An asylum is a form of protection that allows an individual to stay in a new country instead of being removed (deported) to their home country, where they fear persecution or harm because of their political opinion, race, or religion. Under US law, for example, people as refugees flee their countries because they fear persecution, and it is precisely this that allows them to apply for asylum.
If granted asylum, refugees are protected and can stay in the new country.
Refugees have been placed in new countries through each country’s different types of asylum programs.
Persecution: The leading cause of requesting refuge
Persecution can be harm, or a threat of harm, directed at a person or their family. It may also be directed at people or groups like each other by sharing specific social or cultural characteristics. A person can also obtain asylum if he has suffered persecution in his country.
It is essential to clarify that a person can only be granted asylum if at least one of the reasons why someone hurt them or may hurt them is because of their race, religion, nationality, political opinion (or a political opinion that someone thinks they have), or by the fact that the person belongs to a particular social group.
Projections based on needs.
By 2024, Canada will seek to welcome 451,000 new immigrants. In a statement to CIC News, Immigration Minister Sean Fraser explained the reason for the new tiers plan.
Canada is one of the most immigration-friendly countries. It needs higher stays to support the population, workforce and economic growth, and enough workers to pay the taxes required to support important social services like healthcare and education.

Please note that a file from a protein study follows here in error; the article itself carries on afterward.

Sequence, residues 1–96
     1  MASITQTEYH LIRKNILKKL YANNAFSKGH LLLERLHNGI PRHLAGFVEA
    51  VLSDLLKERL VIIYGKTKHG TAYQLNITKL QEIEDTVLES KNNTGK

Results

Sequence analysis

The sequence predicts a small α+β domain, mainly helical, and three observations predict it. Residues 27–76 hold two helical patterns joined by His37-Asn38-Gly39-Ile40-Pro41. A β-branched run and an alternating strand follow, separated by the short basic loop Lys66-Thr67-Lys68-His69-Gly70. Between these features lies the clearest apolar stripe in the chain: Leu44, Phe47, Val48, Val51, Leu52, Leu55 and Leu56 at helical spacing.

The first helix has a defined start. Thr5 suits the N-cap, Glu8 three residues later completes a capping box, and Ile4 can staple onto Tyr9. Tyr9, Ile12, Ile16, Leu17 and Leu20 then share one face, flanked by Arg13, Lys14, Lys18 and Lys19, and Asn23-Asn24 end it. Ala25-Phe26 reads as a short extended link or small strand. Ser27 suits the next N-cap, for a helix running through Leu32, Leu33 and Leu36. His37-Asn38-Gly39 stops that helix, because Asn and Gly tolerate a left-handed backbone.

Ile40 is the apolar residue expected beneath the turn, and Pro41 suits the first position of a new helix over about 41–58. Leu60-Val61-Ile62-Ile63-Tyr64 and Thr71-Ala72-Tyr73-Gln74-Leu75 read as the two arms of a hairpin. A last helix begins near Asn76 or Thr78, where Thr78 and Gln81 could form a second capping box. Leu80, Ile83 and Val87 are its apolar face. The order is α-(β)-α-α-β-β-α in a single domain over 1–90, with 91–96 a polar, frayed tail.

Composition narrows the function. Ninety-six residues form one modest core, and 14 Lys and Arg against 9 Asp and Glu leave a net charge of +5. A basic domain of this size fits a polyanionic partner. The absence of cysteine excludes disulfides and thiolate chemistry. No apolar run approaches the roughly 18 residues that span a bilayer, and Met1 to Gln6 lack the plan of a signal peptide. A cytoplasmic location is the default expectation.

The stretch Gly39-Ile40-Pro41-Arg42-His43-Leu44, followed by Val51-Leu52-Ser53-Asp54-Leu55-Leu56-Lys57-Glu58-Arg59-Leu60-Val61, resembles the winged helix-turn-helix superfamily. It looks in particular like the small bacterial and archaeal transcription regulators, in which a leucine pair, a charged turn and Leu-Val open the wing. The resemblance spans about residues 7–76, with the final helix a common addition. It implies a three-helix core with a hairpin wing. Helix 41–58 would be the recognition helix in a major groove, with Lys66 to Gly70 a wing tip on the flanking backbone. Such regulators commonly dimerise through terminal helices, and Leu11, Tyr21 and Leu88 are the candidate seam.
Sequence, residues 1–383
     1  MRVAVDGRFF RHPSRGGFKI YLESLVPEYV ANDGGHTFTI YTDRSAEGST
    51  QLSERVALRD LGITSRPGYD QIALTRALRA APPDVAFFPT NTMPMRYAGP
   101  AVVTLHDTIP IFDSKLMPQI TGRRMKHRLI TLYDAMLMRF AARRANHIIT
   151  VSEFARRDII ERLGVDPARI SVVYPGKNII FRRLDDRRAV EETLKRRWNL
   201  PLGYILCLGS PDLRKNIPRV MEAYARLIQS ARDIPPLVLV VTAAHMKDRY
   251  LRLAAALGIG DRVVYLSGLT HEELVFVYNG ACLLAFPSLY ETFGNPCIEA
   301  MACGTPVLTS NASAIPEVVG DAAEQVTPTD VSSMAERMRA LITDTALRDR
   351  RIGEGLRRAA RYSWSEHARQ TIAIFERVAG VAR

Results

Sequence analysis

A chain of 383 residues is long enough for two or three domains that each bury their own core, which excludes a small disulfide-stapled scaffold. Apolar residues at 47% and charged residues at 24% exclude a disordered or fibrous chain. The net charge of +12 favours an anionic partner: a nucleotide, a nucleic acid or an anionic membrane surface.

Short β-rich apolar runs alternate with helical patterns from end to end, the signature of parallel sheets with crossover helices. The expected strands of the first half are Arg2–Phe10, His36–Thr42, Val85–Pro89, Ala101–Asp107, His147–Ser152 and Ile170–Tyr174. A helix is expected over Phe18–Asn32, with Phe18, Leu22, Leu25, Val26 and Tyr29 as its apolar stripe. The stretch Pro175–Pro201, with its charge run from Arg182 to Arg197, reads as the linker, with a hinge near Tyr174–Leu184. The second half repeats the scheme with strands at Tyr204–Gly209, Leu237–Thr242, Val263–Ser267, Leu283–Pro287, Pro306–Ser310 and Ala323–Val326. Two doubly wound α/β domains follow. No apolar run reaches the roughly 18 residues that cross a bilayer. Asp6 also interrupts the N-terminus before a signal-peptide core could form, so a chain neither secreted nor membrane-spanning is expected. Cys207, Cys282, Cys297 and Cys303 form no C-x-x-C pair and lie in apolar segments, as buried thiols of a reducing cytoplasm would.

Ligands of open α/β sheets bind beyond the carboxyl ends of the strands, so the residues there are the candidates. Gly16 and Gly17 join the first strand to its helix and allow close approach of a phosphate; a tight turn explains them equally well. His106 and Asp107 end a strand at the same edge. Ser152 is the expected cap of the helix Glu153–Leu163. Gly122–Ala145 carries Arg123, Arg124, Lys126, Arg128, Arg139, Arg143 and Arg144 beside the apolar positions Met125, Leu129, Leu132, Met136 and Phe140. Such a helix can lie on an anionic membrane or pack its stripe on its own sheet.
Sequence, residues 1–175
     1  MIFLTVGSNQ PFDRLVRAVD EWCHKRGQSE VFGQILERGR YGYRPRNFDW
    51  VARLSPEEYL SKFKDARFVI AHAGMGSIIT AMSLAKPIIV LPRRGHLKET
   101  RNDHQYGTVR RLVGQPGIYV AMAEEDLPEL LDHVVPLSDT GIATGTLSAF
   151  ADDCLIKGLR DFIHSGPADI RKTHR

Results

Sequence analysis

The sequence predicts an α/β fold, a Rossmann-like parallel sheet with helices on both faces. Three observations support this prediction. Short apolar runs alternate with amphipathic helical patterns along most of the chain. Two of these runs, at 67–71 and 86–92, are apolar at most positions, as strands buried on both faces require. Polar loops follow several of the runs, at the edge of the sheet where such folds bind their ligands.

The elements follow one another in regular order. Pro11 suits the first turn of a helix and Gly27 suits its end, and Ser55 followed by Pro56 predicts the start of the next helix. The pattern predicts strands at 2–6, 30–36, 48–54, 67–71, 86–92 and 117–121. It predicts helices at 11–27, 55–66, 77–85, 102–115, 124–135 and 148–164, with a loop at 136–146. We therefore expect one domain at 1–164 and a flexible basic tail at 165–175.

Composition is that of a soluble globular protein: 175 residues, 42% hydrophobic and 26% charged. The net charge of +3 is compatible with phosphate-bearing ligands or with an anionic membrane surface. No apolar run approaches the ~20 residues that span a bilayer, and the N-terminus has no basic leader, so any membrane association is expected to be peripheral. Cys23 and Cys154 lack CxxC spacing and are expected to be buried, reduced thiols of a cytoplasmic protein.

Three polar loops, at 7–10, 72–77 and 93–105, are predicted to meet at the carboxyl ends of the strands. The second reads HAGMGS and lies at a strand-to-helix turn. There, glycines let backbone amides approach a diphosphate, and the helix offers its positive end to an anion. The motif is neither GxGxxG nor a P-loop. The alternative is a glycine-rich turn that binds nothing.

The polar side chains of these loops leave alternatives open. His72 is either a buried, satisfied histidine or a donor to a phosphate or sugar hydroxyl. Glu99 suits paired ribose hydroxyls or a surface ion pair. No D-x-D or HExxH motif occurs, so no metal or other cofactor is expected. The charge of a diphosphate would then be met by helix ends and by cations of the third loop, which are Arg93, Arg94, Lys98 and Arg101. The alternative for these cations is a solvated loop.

In this country, immigration has taken on greater economic importance during and after the pandemic. COVID spending left the Canadian government with weaker fiscal deficits and economic activity. Additionally, employers across the country face labour shortages for the reasons already mentioned above.
Frequently Asked Question: Can refugees in Canada visit their home countries?
The short answer is no. Refugees cannot and should not. If they did so, they would practically be submitting to the protection of the authorities of their country of origin, which they said could not protect them, and that is why they fled the country and sought refuge in Canada.
A different situation is when someone who applied for refuge (and was denied) now has a residence permit for humanitarian reasons, married a Canadian citizen or permanent resident, and is now a permanent resident. Here the answer to the initial question is yes.
The person can leave and go to their country of origin. They can do it and will not lose permanent residence in Canada because the permanent residence was given to them for compassionate and humanitarian causes. Therefore, there is no danger of returning to your country of origin.
To clarify, those who are accepted as refugees are those who cannot return to their country of origin because when they applied for refuge, they said they had a well-founded fear of persecution and that they did not want to submit to the protection of the government of their country, since they could not receive protection from it.
To obtain more information about the different types of refugee programs, don’t hesitate to contact me for personalized advice and follow my social networks to stay informed of everything related to visas and permits in Canada.